Tiwari: After the global financial crisis, growth took a plunge, and then potential growth was revised downward. We need to raise potential growth, and an important vehicle is structural reform. In Europe, policymakers have been encouraged to focus on labor market and product market reforms. In other parts of the world, the key to raising potential growth is financial deepening, financial inclusion, and infrastructure spending.

Our work over the past year has shown that for each category of economies—low-income, emerging markets and advanced—there are two sets of structural reforms that have a large payoff. The first is banking sector reforms and the second is infrastructure spending. Then there are reforms that are specific to each stage of development. But what’s becoming clear is that there should be more focus on structural reforms to raise the growth potential rather than to respond to a crisis. These measures will make the global economy more resilient.

IMF Survey: How is the IMF leveraging the role of capacity development in its engagement with countries?

Tiwari: This important area of the IMF’s work makes countries more resilient by developing capacity on the ground and allowing for transfer of technology and skills. This skills transfer takes place through channels such as technical assistance, classroom or online training, or our regional training and technical assistance centers.

A study released a couple of years ago showed that countries with a long-term engagement with the IMF performed better in terms of growth and spending on social sectors. We analyzed this to determine why, and in the end, it was because of capacity development. There was a transfer of knowledge and a strengthening of institutions that allowed countries to prevent a crisis rather than waiting until after a crisis occurred.

IMF Survey: The IMF played a key role at the Financing for Development conference in Addis Ababa in July. How is the work program advancing the new global development agenda?

Tiwari: The IMF already delivered actions in Addis as opposed to just making commitments. In connection with that conference, we approved a series of concrete measures to help developing countries pursue the post-2015 Sustainable Development Goals. We expanded access to all of our concessional facilities by 50 percent—making more money available for eligible low-income countries—and we set the interest rate at zero for all loans extended under the Rapid Credit Facility, a facility focused on countries hit by natural disasters and fragile or post-conflict states.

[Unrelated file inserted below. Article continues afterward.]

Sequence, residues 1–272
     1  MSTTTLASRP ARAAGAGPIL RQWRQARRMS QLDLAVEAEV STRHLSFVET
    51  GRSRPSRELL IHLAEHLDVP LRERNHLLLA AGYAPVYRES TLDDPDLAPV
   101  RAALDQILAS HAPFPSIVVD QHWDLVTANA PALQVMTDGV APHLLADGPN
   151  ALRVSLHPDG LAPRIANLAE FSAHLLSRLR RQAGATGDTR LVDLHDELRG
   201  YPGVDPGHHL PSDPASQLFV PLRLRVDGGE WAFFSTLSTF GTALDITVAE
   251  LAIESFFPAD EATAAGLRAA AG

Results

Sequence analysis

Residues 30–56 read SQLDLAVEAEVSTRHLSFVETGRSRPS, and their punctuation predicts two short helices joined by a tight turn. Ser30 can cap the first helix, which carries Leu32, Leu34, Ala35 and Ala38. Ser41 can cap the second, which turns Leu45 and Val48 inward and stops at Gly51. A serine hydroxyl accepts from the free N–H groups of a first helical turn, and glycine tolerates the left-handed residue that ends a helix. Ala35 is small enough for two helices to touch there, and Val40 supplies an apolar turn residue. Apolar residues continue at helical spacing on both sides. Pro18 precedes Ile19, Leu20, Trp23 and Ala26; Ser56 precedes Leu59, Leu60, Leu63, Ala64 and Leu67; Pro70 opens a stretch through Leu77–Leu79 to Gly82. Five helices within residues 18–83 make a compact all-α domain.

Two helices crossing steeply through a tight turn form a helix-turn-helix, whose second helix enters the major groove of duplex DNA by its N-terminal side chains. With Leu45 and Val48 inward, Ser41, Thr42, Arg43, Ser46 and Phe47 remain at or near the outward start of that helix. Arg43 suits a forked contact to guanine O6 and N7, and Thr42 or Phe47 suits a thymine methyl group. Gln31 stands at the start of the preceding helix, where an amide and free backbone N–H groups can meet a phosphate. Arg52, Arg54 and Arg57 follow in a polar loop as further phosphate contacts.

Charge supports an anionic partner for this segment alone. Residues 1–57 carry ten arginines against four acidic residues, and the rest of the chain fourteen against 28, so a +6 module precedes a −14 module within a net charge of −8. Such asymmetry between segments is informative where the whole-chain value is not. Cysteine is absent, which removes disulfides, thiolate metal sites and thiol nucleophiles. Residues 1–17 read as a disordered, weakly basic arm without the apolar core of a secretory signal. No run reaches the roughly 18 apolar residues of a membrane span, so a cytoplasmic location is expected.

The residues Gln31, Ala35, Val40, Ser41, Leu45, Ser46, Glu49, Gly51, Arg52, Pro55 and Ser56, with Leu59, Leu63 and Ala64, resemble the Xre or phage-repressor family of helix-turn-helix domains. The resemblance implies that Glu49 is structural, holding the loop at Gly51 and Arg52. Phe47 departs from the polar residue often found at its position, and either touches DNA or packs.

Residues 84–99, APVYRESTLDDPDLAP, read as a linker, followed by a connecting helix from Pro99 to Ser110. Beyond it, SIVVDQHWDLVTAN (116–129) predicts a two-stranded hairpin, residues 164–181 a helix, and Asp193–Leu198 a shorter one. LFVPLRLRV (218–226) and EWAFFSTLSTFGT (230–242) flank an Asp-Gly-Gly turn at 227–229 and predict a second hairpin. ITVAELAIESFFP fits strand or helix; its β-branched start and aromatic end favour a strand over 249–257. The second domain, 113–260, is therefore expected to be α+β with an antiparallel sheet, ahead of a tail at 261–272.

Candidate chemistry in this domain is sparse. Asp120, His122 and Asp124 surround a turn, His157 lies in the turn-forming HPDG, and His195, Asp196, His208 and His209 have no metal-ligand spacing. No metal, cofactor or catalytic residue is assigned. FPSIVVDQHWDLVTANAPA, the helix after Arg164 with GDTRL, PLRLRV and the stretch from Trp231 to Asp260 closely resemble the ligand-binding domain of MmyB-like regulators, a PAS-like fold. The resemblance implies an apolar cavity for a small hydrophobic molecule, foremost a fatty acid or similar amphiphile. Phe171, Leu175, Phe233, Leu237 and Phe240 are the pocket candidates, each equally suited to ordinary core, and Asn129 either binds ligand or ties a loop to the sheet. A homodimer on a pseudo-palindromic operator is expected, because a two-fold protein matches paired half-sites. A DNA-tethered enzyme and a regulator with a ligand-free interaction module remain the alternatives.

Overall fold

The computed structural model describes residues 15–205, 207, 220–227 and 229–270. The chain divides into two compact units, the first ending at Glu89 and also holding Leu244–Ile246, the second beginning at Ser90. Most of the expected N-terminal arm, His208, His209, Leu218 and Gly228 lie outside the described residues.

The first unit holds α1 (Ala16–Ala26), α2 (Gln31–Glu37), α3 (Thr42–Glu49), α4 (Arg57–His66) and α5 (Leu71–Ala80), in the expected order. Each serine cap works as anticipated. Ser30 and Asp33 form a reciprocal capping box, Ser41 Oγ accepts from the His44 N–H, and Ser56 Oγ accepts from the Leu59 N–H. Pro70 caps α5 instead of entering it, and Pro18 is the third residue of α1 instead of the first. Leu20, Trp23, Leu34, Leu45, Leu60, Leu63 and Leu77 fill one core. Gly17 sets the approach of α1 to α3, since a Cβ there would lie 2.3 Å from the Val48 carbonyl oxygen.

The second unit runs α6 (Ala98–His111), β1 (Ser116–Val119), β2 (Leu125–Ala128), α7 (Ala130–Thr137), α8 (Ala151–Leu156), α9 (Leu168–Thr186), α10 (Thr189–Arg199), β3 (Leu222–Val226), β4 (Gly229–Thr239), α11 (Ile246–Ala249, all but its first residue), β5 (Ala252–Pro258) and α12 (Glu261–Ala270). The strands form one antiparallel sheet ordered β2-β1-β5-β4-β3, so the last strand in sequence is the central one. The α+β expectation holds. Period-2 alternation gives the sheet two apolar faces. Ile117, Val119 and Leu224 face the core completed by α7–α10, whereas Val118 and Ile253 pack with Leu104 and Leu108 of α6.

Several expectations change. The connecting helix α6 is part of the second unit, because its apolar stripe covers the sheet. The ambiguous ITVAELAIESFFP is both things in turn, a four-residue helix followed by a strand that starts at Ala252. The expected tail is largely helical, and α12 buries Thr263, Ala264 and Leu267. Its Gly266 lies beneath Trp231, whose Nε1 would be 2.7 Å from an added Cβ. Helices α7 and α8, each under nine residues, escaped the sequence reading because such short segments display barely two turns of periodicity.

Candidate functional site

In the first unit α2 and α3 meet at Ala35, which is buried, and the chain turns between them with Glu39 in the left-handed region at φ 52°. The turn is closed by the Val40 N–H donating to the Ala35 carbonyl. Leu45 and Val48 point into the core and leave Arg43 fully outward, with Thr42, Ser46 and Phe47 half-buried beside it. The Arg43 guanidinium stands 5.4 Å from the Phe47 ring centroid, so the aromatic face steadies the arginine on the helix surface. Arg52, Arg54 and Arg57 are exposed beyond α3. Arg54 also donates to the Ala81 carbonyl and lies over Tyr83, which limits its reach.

We will follow up with work on the spillover effects of international tax initiatives and on financial deepening and inclusion. We will also provide support for domestic revenue mobilization, expenditure efficiency and effectiveness, and attracting and managing capital flows. These are areas where the IMF has a comparative advantage, and we will do more work on these topics over the next several months.

IMF Survey: Will the Fund continue its work on such areas as inequality, climate change, and gender, which lie outside the IMF’s traditional areas of focus?

Tiwari:  The primary goal of the IMF is to promote global economic stability. When issues and topics that have mostly been outside of our traditional areas of focus begin to have an impact on the Fund’s macrostability mandate, it is incumbent on the institution to be engaged in such areas. We did that, for example, with the focus on poverty starting in the late 1990s. The current pace of global change implies that, more than ever, new issues are bearing on the Fund’s mandate and our work program needs to adapt to meet the new challenges.  The key is to factor issues into our work proactively so that we can formulate appropriate positions and advice before they create macrofinancial instability. Our work program on the topics of inequality, climate change, and gender reflects this overall approach.